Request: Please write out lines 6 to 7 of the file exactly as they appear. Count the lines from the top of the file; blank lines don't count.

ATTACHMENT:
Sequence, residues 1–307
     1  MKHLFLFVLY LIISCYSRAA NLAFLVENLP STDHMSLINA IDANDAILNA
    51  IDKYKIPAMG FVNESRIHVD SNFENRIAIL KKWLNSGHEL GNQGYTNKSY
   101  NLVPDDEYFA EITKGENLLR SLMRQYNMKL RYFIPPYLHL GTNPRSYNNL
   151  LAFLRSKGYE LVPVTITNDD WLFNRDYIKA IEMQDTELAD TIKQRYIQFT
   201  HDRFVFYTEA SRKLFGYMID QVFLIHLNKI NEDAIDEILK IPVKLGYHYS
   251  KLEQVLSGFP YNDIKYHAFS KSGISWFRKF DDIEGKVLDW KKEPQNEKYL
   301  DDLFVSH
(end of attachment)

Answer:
   201  HDRFVFYTEA SRKLFGYMID QVFLIHLNKI NEDAIDEILK IPVKLGYHYS
   251  KLEQVLSGFP YNDIKYHAFS KSGISWFRKF DDIEGKVLDW KKEPQNEKYL